The intelligence paradox; will ET get the metabolic syndrome? Lessons from and for Earth
1 School of Pharmacy, University of Reading, Whiteknights, Reading, Berks RG6 6AP, UK
2 GW pharmaceuticals, Porton Down, Salisbury, Wiltshire SP4 0JQ, UK
3 Metabolic and Molecular Imaging Group, MRC Clinical Sciences Centre, Imperial College London, Hammersmith Hospital, London W12 0NN, UK
Nutrition & Metabolism 2014, 11:34 doi:10.1186/1743-7075-11-34Published: 29 July 2014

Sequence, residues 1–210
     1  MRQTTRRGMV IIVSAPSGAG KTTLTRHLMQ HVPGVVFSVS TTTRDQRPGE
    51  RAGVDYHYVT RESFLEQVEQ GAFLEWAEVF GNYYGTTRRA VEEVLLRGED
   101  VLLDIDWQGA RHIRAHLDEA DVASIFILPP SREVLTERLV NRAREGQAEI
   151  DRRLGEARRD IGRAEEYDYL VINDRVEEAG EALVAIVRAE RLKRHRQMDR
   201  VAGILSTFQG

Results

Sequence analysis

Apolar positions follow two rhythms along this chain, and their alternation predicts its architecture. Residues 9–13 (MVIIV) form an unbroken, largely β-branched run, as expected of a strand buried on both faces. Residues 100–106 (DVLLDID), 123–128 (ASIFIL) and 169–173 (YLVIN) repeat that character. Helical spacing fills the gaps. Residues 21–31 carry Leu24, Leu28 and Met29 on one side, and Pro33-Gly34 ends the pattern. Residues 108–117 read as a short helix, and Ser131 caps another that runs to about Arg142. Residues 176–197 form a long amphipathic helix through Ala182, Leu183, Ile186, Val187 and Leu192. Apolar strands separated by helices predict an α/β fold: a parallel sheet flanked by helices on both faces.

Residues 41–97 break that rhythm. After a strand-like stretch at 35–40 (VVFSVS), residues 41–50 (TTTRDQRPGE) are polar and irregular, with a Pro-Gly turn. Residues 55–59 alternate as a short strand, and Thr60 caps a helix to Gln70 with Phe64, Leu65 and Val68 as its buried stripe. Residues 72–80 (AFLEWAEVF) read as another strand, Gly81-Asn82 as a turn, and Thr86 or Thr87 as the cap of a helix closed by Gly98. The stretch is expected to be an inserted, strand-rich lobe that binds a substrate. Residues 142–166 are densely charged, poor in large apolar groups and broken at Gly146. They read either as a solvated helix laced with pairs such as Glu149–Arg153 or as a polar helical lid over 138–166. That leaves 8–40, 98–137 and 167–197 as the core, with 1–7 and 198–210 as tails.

Mankind is facing an unprecedented health challenge in the current pandemic of obesity and diabetes. We propose that this is the inevitable (and predictable) consequence of the evolution of intelligence, which itself could be an expression of life being an information system driven by entropy. Because of its ability to make life more adaptable and robust, intelligence evolved as an efficient adaptive response to the stresses arising from an ever-changing environment. These adaptive responses are encapsulated by the epiphenomena of “hormesis”, a phenomenon we believe to be central to the evolution of intelligence and essential for the maintenance of optimal physiological function and health. Thus, as intelligence evolved, it would eventually reach a cognitive level with the ability to control its environment through technology and have the ability remove all stressors. In effect, it would act to remove the very hormetic factors that had driven its evolution. Mankind may have reached this point, creating an environmental utopia that has reduced the very stimuli necessary for optimal health and the evolution of intelligence – “the intelligence paradox”. One of the hallmarks of this paradox is of course the rising incidence in obesity, diabetes and the metabolic syndrome. This leads to the conclusion that wherever life evolves, here on earth or in another part of the galaxy, the “intelligence paradox” would be the inevitable side-effect of the evolution of intelligence. ET may not need to just “phone home” but may also need to “phone the local gym”. This suggests another possible reason to explain Fermi’s paradox; Enrico Fermi, the famous physicist, suggested in the 1950s that if extra-terrestrial intelligence was so prevalent, which was a common belief at the time, then where was it? Our suggestion is that if advanced life has got going elsewhere in our galaxy, it can’t afford to explore the galaxy because it has to pay its healthcare costs.